The 33-year-old man injects SEEMA in his own hand for 18 months to "treat back pain," reveals a strange medical report
- The Unnamed Man from Dublin, Ireland, describes his actions as "innovative"
- He suffered from chronic back pain and went to a doctor for help
- The medic noted that his right hand was red and swollen by infection
- He admitted to having injected with ejaculate for more than a year
Sam Blanchard Health Reporter for Mailonline
Man has confused doctors by injecting his own semen to try to cure the back pain.
The 33-year-old, who was hospitalized in Dublin, injected himself with his ejaculate owner for a year and a half before the medics knew.
When he visited a doctor complaining of severe pain in the lower back, they noticed a red rash and swelling of his hand. His right hand was infected with cellulite as a result of the strange habit that the physician's report described as "dangerous."
The doctors made an X-ray image to exclude the presence on an object in the man's hand and revealed a "local collection" in which he injected himself
. medical help, "Dr Lisa Dunn wrote in a case report in the Irish Medical Journal.
He revealed that he injected a monthly dose of sperm for 18 consecutive months using a hypodermic needle purchased online. Needless to say, injecting sperm does not cure the pain in his back – which has worsened as he lifted a heavy steel object – but his condition improved after a short hospital stay. the capital of the Republic of Ireland, before doctors have the opportunity to eliminate semen.
WHAT IS RESEARCH IN SEMINAR INJECTIONS?
The report of the man who injects his sperm in his own hand to try to cure chronic pain, says a study on the effects of human sperm injection.
The study called the Effects of Human Seed Injection Effects
They injected female rats, rabbits and guinea-pigs with human sperm to test their effects on their genitals.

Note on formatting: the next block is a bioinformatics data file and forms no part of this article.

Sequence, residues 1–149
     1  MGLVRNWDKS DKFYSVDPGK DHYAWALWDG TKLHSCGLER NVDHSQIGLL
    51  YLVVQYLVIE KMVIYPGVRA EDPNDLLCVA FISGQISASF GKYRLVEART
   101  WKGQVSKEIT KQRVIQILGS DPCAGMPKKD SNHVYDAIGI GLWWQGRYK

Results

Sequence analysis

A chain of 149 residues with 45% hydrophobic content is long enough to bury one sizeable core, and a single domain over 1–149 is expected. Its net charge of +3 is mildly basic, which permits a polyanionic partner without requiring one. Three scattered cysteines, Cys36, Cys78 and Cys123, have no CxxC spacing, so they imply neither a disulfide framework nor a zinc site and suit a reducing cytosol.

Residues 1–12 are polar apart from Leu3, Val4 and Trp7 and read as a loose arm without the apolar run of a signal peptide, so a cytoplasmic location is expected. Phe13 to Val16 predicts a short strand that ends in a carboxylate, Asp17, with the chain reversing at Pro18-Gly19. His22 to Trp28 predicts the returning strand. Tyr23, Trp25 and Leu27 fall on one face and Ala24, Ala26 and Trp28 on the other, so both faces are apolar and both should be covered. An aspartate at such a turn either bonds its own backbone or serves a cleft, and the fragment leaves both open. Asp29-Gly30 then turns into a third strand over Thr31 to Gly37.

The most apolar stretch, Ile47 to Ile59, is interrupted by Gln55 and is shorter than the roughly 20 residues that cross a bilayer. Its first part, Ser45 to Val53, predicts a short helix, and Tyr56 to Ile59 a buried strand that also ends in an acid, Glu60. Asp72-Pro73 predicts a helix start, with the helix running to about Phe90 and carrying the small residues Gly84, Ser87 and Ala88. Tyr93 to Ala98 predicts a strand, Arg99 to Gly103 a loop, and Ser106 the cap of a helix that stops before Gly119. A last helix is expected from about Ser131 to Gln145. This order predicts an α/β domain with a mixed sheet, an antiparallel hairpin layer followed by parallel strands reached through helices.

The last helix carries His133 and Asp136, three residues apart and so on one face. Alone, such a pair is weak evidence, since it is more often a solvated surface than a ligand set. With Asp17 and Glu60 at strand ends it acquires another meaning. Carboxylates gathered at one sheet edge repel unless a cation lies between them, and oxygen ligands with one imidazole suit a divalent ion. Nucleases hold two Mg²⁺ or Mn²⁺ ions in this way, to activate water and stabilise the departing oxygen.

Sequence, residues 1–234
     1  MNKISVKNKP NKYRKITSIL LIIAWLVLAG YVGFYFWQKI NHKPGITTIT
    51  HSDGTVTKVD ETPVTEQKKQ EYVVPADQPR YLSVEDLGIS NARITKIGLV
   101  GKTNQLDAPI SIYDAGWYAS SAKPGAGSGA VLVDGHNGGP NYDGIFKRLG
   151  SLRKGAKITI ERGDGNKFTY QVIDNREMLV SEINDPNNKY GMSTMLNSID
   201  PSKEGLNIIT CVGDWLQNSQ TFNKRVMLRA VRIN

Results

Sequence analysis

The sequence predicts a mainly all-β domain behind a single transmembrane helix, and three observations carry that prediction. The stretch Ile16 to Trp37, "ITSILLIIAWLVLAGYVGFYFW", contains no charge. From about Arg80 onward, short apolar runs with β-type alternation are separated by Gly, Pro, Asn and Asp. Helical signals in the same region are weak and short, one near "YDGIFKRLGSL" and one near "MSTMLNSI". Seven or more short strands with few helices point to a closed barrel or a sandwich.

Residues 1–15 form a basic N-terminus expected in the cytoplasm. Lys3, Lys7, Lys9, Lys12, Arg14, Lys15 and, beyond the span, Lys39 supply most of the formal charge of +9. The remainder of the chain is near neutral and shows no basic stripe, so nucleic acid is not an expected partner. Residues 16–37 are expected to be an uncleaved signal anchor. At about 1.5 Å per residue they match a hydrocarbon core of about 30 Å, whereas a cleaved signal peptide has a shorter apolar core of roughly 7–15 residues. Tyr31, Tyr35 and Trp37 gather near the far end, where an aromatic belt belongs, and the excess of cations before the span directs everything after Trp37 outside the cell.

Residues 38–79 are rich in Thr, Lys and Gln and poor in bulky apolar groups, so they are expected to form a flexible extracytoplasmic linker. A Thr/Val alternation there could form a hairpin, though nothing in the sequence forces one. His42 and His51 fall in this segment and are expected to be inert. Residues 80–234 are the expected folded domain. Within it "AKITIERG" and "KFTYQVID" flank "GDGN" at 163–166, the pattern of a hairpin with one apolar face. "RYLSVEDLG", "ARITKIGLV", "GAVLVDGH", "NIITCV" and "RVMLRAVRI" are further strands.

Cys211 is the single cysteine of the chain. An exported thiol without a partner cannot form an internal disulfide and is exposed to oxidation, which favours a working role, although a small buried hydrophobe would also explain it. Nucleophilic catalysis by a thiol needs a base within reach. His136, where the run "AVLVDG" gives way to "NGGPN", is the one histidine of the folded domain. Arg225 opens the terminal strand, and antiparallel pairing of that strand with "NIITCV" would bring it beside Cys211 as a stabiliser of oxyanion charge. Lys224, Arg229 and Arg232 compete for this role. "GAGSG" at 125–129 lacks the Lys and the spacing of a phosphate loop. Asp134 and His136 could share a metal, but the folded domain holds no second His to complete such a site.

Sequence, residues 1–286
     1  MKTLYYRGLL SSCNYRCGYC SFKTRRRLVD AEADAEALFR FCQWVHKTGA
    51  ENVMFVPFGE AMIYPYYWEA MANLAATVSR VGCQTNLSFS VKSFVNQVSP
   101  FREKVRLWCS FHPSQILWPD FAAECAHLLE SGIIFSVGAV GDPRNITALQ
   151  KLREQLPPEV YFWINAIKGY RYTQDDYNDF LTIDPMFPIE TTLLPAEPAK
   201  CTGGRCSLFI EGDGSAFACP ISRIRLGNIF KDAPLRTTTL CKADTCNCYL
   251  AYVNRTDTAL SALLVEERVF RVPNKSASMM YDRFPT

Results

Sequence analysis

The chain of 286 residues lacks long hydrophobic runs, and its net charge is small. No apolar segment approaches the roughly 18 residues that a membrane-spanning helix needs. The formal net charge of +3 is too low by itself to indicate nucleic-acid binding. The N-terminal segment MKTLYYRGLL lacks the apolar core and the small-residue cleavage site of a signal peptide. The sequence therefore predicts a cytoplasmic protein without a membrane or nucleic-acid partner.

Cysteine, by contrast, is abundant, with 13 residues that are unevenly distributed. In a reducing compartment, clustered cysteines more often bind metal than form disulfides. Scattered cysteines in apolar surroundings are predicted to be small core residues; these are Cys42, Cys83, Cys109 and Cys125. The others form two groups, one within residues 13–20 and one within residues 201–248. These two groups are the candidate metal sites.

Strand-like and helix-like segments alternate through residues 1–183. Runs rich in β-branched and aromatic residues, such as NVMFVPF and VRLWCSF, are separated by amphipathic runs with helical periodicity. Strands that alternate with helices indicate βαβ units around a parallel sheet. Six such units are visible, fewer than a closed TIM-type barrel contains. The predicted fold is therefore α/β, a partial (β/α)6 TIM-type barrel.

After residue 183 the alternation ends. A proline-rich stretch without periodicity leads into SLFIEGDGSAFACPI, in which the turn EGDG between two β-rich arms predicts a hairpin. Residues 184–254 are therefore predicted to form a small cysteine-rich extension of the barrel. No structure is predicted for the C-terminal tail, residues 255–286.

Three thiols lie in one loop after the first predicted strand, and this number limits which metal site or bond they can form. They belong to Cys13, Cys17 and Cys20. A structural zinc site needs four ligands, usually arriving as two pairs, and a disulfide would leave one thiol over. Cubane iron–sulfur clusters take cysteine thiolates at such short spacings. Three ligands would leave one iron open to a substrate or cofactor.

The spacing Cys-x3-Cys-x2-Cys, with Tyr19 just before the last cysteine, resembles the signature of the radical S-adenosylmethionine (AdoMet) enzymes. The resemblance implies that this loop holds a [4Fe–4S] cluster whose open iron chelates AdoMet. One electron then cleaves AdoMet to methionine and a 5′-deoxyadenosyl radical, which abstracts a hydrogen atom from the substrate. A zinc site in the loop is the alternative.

They found: "Injecting sperm into immature rats and rabbits gave completely negative results and did not provide any evidence of hormonal activity in semen. "
The study was published in the Journal of Obstetrics and Gynecology.
The doctor who wrote this month's report does not mention any medical research done on whether strange injections can help the pain.
Dr. Dann said the case of the man in which the sperm penetrated his soft tissues due to the unsuccessful injections is believed to be the first of its kind.
He has "missed repeated attempts to inject body fluid," she wrote in what he calls "an innovative method for treating back pain."
She admitted that people were registered as injected substances like gasoline and a lighter fluid in suicide attempts, but rarely tried to self-medicate in this way.
The dangers of [injections] when committed by an untrained non-specialist are underlined as well as the dangers of vascular and soft tissues associated with the attempt to inject substances not intended for intravenous administration.
"The case also shows the risks associated with medical experiments prior to extensive clinical research."
The only examples of past injections of semen recorded in the journal that may inspire the wrong person were experiments done by injecting human ejaculate into rats and rabbits.
In this study, conducted in 1945, it was found that injections of human sperm in female rats and rabbits yielded entirely negative results.